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therefore according to the Genius of all Ch. i. Speech, figuratively interpreted, when t^W occasion requires it. Otherwise, under pretence of Faith in the Word of God, the highest Foliies and Blasphemies may be deduc'd from the Letter of Serif ture; as, that God is subject to passions, is the Author of Sin, that Christ is a Rock, was actually guilty of and defil'd with our Transgressions, that we are Worms or Sheep, and no Men. And if a Figure be admitted in these passages, why not, I pray, in all Expressions of the like Nature, when there appears an equal Necessity for it?
9. It may be demanded why I hatte so long insisted upon this Article, since that none exprefly makes Scripture and Reason contradictory, was acknowledge before? But in the same place, mention is made of some who hold, that they may seem directly to clash; and that tho we cannot reconcile them to* gether, yet that we are bound to acquiesce in the Decisions of the former, A seeming Contradiction is to us as much as a real one; and our Respect for the Strifttttt does not require us to Sect.II; grant any such in it, but rather to con^V^ dude, thatwe are ignorant of the right Meaning when a Difficulty occurs; and so to suspend our judgment concerning it, till with sutable Helps and Industry we discover the Truth. As for acquiescing in what a Man understands not, or cannot reconcile to his Reason, they know best the fruits ofit that practise it. For my part, I'm a Stranger to it, and cannot reconcile my self to such a Principle. On the contrary, I am pretty sure he pretends in vain to convince the Judgment, who explains not the Nature of the Thing. A Man may give his verbal Assent to he knows not what, out of Fear, Superstition, Indifference, Interest, and the like feeble and unsair Motives: but as long as he conceives not what he believes, he cannot sincerely acquiesce in it, and remains deprived of all solid Satissaction. He is constantly perplex'd with Scruples not to be remov'd by his implicite Faith; and so is ready to be Ephcs.4. shaken, and carry*d away with every wind M- of Dofirine. I will believe because I will believe, that is, because Vm in the Humour Jo to do, is the top of his Apology. logy. Such are unreasonable Men,Ch! 1. walking after the Vanity of their Minds; ^"\TvJ having their Understandings darkrfd^f^' being Strangers to the Life of God' through the Ignorance that is in themt because of the Hardness of their Hearts. But he that comprehends a thing, is as sure of it as if he were himself the Author. He can never be brought to suspect his Profession ; and, if he be honest, will always render a pertinent account of it to others. ... 1,0. The natural Result of what has been said is, That to believe the Divir nity of Scripture, or the sense of any passage thereof, without rational Proofs, and an evident Consistency, is a blameable Credulity, and a temerarious Opinion, ordinarily grounded upon an ignorant and wilful Disposition, but more generally maintained out of a gainful Prospect. For we frequently embrace certain Doctrines not from any convincing Evidence in them, but because they serve our Der signs better than the Truth; and because other Contradictions we are not willing to quit, are better defended by pheir means;. '.-..-1 —; ~-a\ I -• -Jt,\uv Dj CHAP,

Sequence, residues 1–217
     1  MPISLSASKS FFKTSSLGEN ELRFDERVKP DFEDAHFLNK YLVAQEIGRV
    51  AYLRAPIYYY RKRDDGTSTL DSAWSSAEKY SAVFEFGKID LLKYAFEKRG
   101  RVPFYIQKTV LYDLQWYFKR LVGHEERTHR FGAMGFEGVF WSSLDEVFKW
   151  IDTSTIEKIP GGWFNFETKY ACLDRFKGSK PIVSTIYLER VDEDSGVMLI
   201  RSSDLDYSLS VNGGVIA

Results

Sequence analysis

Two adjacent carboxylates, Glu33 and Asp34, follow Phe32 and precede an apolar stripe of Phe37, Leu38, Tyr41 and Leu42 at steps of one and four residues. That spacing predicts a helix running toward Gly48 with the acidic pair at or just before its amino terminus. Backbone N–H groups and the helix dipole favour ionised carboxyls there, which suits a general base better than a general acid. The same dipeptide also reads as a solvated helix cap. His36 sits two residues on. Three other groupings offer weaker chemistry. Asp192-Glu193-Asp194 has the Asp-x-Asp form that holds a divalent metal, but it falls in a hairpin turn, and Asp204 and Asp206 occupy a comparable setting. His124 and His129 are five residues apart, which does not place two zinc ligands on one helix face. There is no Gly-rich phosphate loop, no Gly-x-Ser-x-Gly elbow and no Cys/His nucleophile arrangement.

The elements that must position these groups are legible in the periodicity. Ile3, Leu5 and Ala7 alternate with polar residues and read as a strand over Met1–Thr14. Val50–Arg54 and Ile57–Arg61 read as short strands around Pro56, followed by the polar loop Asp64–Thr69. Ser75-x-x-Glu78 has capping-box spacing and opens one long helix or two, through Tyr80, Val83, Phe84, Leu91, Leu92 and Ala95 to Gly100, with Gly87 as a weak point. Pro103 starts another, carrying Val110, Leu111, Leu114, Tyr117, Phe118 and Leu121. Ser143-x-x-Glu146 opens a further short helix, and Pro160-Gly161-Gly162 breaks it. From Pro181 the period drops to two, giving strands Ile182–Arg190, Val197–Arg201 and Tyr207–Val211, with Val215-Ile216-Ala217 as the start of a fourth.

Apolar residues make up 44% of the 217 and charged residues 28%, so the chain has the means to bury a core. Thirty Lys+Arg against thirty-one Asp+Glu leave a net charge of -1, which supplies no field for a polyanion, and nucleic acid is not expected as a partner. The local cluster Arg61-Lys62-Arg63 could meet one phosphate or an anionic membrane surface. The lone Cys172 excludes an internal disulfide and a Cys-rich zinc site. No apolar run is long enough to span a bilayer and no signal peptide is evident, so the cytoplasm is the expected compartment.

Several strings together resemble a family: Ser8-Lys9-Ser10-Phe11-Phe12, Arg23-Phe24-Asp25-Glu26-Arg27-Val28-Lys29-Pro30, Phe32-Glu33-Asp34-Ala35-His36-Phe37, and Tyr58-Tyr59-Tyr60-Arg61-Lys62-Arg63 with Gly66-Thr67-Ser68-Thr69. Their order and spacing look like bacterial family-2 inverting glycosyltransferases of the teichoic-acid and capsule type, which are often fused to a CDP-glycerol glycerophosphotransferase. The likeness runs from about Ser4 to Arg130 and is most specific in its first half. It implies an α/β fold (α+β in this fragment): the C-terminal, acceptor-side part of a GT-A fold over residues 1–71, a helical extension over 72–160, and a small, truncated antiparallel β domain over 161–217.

Of the Authority of QsiVELATlON, 06 it regards this Controversy.
11. A Gainst all that we have been jr\_ establishing in this Section, the Authority of Revelation will be alledged with great (hew, as if without a Right of silencing or extinguishing REASON, it were altogether useless and impertinent. But if the Distinction I made in the precedent Section, N. 9. be well considered, the weakness of the present Objection will quickly appear, and this controversy be better understood hereafter. There I said REVELATION was not a necessitating Motive of Assent, but a Mean of Information. We should not confound the Way whereby we come to the fcnowledg of a thing,with the Grounds we have to believe it. A Man may inform me concerning a thousand Matters I never heard of before, and of which I should not as much as think if
I I were not told; yet I believe nothing Ch. 2. purely upon his word without Evi- t^YV dence in the things themselves. Not the bare Authority of him that speaks, but the clear Conception I form of what he lays, is the Ground of my Perfivafion.
12. If the sincerest Person on Earth should assure me he saw a Cane without two ends, I neither should nor could believe him; because this Relation plainly contradicts the Idea of a Cane. But if he told me he saw a Staff that, being by chance laid in the Earth, did after some time put forth Sprigs and Branches, I could easily rely upon his Veracity; because this no way contradicts the Idea of a Staff, nor transcends Possibility.
1$. I say Possibility, for Omnipoteacy it self can do no more. They impose upon themselves and others, who require Assent to things contradictory, because God, (say they, can do all things, and it were limiting of his Power to affirm the contrary. Very good! we heartily believe God can do all things: But that meer NOTHING should be the Object of his Power, the very Omnipotettcy alledg'd-wift not permit us to D 4 con